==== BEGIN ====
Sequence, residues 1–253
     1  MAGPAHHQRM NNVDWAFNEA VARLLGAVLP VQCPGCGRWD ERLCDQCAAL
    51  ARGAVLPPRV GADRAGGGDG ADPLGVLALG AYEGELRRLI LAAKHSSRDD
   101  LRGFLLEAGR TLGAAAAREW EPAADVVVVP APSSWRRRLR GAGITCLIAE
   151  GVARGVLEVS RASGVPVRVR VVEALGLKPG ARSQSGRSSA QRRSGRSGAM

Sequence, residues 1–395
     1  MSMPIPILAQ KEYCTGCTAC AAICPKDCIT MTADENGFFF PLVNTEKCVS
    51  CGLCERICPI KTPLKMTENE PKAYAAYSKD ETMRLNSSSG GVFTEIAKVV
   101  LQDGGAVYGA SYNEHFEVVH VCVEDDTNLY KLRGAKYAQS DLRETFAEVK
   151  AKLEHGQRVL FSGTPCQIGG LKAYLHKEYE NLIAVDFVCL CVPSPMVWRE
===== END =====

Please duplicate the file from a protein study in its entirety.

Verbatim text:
Sequence, residues 1–253
     1  MAGPAHHQRM NNVDWAFNEA VARLLGAVLP VQCPGCGRWD ERLCDQCAAL
    51  ARGAVLPPRV GADRAGGGDG ADPLGVLALG AYEGELRRLI LAAKHSSRDD
   101  LRGFLLEAGR TLGAAAAREW EPAADVVVVP APSSWRRRLR GAGITCLIAE
   151  GVARGVLEVS RASGVPVRVR VVEALGLKPG ARSQSGRSSA QRRSGRSGAM

Sequence, residues 1–395
     1  MSMPIPILAQ KEYCTGCTAC AAICPKDCIT MTADENGFFF PLVNTEKCVS
    51  CGLCERICPI KTPLKMTENE PKAYAAYSKD ETMRLNSSSG GVFTEIAKVV
   101  LQDGGAVYGA SYNEHFEVVH VCVEDDTNLY KLRGAKYAQS DLRETFAEVK
   151  AKLEHGQRVL FSGTPCQIGG LKAYLHKEYE NLIAVDFVCL CVPSPMVWRE